The Wind of Populism: Voter Turnout and Political Distance

Becchetti LeonardoConzo Gianluigi
CEIS Research Paper
Based on the horizontal differentiation literature we model decline in voter turnout as a rational choice when the distance between the voter and the closest party on the hyperplane of political preferences is regarded as too high by the voter. To analyse political preferences we consider five crucial segments going beyond the traditional left-right scale simplification (climate, migration, security, civil rights and income distribution). Our empirical findings on 32 countries in the last eight waves of the European Social Survey (ESS) support our research hypothesis: respondents who do not feel close to any party (57 percent of the sample) are more likely to abstain (23 percent of the sample). Results are confirmed when we use the Chapel Hill Expert Survey (CHES) classification of political party positions to calculate distance. We as well show that those who declare to feel distant from political parties are significantly less concerned with climate and civil rights, while significantly more with income distribution, migration threat and security, as well as having lower education and belonging to lower income deciles. We conclude by arguing that the success of populist parties in the last decade is probably related to their higher capacity to identify characteristics of non voters and moving toward their preferences.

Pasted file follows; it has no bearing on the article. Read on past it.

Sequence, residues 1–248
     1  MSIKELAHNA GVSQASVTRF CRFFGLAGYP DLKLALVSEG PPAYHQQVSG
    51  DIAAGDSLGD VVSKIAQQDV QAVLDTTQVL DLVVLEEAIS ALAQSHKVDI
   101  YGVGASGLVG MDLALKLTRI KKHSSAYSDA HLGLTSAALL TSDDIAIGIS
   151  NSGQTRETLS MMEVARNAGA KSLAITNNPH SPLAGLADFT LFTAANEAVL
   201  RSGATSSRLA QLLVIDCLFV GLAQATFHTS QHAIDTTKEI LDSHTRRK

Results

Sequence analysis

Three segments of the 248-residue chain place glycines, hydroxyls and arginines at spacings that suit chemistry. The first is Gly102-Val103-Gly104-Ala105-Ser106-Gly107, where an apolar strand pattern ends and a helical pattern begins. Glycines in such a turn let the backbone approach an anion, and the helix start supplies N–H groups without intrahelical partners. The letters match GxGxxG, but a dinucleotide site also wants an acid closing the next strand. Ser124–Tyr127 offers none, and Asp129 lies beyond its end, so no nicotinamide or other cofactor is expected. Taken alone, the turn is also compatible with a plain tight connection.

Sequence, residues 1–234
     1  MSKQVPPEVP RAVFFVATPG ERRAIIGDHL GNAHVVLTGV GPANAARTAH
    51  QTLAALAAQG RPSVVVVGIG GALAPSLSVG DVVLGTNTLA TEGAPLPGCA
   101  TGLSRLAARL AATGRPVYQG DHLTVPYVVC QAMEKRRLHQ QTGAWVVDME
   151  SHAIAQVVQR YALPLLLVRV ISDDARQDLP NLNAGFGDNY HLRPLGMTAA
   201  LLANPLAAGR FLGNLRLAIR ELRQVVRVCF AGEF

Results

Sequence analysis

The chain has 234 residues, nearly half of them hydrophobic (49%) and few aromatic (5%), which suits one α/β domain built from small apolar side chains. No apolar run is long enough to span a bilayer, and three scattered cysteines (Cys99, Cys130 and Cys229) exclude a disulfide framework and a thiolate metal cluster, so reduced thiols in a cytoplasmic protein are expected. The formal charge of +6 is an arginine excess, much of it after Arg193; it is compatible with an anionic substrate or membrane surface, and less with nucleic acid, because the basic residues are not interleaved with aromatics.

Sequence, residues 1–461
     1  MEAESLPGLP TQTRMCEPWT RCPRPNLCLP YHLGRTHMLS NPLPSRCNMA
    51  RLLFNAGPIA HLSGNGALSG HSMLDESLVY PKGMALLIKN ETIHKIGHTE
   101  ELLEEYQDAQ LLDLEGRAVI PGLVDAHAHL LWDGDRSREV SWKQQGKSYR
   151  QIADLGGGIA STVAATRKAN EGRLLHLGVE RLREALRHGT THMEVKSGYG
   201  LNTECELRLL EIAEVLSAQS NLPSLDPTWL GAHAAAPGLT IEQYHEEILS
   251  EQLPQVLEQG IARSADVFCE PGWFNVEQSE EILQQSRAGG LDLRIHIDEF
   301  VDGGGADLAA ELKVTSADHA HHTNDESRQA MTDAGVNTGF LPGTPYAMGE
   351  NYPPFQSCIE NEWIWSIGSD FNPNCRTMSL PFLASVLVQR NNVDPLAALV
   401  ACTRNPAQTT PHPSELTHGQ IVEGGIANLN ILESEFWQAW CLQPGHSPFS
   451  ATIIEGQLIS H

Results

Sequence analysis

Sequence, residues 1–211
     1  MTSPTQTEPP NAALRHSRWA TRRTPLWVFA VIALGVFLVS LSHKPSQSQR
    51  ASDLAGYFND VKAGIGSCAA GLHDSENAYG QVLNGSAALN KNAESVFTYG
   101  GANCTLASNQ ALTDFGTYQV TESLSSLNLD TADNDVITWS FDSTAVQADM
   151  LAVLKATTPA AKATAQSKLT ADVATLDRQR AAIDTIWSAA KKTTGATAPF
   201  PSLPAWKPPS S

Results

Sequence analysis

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Number: 569
Keywords: turnout, hotelling differentiation, environment, civil rights
Volume: 21
Issue: 7
Date: Tuesday, December 19, 2023
Revision Date: Tuesday, December 19, 2023